Home is where your food is: a speech for JubilAsian 2019 (APIDA Heritage Month)

Home is where your food is: a speech for JubilAsian 2019 (APIDA Heritage Month) May 24, 2019

photo by Jenny

Every year, in the month of May, the Multicultural Student Affairs’ office at Northwestern puts on an event for the Asian Pacific Islander Desi American (APIDA) Heritage Month. It was my great honour to be invited as the faculty speaker for this year, and I was so moved by how my brilliant student Ying Dai, who is on the committee, introduced me with her close knowledge of exactly what I’m up to in my scholarship and teaching.

The organizing committee requested that I talk about home, community, and bridge-building in the Asian American Studies Program at Northwestern, and to work the crowd with some informality. Here, then, is what I said:

Today, I want to talk about food. When I first thought about what to say here about a sense of home in Asian American studies at Northwestern, I kept drawing blanks. So I took a cue from my white colleagues in Asian studies: I asked my Asian wife what to do. She said that I should talk about food. We’ve been long-distance while I was here, and what keeps us together is food; we eat together on camera. So I began thinking about food, and it made me hungry, which is how I started thinking about what I’d say here.

I am, of course, not in Asian studies; I am in Asian American studies, and one of the first distinctives that was sold to me on the website as I researched the program was that faculty invite their students to their houses to eat. Now that I work here, I am not sure which ones actually do, but I can tell you that it took me two years to work up the courage to do that. Homes are intimate spaces, and so is my cooking, which is why I often told people I couldn’t cook and instead ordered Harold’s Chicken Shack for my student dinners.

The trouble is that I was fooling no one about how much food drives my life. Students and colleagues who figured me out in time came to drop by my office with the one question I could never resist: ‘Wanna get food?’ – which is the more conventional way to word this request, unless one is from Asian American InterVarsity, in which case you say, ‘Wanna grab a meal?’ By this, we learn that intellectual communities are also homes. The work that we do with our intellects – reading, collecting, analyzing, critiquing, taking action – the source for such acts comes from a place of intimacy. The mind is not split from the body, and bodies must be fed, and feeding it with other persons makes a program into a home. I realized, as this insight dawned on me, that this is why conversations with my peer mentor here, Professor Ji-Yeon Yuh, always began with food, with how we cook, with people we eat with, with how a house becomes a home. Last Thanksgiving, she formally expanded this Cantonese boy’s culinary horizons by teaching me how to make Korean soups and stews from scratch, from the anchovy broths up to the sundubu and kimchi jjigae. When I posted photos of my efforts, I was richly rewarded: Maangchi retweeted me.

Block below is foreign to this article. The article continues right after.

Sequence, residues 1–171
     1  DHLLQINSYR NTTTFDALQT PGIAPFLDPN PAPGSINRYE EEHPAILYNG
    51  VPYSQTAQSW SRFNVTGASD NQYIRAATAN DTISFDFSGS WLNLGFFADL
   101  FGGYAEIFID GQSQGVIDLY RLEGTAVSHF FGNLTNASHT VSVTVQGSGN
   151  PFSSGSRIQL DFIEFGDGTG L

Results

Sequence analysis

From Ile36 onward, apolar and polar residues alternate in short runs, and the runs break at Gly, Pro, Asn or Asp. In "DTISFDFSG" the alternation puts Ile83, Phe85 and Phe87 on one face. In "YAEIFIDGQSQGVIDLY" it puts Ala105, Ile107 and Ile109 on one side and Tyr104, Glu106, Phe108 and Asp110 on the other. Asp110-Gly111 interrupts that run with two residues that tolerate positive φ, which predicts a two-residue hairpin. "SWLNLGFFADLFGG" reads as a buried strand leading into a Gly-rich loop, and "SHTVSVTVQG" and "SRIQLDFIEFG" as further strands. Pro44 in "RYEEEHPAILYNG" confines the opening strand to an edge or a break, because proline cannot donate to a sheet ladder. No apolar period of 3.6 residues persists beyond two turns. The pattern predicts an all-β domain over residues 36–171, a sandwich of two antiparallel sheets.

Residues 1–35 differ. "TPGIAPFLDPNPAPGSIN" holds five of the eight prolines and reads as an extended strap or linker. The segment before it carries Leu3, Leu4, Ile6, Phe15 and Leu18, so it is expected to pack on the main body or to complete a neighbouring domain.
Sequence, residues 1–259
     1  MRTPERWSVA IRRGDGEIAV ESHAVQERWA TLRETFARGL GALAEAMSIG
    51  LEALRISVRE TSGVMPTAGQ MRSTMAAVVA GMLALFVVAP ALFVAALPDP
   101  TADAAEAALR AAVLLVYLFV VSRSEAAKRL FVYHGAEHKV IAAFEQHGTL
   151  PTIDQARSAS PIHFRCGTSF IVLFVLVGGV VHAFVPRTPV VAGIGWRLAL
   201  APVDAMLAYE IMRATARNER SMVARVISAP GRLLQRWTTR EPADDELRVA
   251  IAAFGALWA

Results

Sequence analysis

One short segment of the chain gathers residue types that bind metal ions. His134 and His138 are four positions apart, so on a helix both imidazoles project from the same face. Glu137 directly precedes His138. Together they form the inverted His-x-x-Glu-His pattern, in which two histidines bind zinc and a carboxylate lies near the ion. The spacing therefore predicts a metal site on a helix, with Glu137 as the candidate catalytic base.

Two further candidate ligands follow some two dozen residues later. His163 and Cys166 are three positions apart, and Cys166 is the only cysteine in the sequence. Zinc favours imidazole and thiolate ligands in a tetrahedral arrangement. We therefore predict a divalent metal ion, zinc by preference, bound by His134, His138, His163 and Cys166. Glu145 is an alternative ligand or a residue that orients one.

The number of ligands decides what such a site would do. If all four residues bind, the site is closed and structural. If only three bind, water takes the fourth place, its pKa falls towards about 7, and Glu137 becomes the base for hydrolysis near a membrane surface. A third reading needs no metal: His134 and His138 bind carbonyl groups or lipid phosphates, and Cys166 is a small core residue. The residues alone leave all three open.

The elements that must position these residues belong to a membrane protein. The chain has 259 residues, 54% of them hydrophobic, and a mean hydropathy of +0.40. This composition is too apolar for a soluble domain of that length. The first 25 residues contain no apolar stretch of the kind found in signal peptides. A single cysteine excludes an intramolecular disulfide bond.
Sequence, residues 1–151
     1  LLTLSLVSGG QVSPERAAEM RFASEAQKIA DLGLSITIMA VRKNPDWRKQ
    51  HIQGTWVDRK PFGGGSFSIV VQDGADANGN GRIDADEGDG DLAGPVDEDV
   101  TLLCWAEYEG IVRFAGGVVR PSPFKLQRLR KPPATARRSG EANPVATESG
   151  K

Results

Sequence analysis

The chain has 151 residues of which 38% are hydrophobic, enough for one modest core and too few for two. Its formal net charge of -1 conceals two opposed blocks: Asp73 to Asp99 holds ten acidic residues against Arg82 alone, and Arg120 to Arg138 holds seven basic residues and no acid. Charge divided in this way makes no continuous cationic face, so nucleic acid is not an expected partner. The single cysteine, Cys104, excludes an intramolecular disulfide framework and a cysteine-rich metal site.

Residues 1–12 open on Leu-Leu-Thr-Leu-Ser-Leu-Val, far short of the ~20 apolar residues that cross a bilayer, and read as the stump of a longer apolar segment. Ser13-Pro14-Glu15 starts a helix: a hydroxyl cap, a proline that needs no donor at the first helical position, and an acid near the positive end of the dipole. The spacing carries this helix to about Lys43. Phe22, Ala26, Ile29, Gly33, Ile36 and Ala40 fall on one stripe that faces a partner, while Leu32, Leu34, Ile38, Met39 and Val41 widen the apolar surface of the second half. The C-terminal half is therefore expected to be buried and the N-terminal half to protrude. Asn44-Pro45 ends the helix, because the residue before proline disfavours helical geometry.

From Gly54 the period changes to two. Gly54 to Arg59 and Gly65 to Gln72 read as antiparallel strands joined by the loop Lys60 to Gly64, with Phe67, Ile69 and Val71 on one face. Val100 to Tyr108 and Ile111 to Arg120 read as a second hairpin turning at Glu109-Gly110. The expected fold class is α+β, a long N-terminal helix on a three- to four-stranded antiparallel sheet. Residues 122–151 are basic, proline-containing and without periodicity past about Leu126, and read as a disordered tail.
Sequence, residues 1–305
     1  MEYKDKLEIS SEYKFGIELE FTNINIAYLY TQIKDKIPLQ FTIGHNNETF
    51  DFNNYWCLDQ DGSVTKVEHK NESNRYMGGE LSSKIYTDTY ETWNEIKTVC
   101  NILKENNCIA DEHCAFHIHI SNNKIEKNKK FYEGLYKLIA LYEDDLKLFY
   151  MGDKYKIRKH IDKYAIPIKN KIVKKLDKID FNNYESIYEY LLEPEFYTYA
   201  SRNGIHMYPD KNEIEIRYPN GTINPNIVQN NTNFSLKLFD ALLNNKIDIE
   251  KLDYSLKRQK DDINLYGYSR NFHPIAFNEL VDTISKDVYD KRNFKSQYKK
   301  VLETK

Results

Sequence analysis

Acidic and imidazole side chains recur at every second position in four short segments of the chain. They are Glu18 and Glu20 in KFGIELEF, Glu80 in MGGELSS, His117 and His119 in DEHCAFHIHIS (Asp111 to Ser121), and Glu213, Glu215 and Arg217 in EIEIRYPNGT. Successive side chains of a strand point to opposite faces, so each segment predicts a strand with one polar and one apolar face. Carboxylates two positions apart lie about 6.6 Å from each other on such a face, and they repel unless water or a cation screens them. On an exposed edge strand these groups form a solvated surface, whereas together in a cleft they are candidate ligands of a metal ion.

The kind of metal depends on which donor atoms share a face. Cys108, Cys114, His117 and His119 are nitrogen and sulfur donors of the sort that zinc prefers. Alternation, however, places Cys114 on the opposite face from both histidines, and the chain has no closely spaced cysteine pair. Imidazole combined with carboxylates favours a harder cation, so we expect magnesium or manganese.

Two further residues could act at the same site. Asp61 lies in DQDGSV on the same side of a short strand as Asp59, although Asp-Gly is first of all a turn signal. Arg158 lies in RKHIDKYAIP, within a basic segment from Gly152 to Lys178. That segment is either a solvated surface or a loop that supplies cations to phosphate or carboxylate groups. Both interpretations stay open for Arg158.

What does it mean to have found a home in Asian American Studies here? It means that these are the people with whom I eat, and that is not metaphorical, with the corny move that somehow intellectual production – which is work – is a kind of brain food (it’s more like going to the toilet). I will miss this place immensely, then, because we are moving to Singapore soon for me to join another intellectual community at Singapore Management University. But that city, as you all well know, is delicious. You should therefore know that if you ever visit, the claims I’ve made in this speech about being family will still hold, because we will eat.

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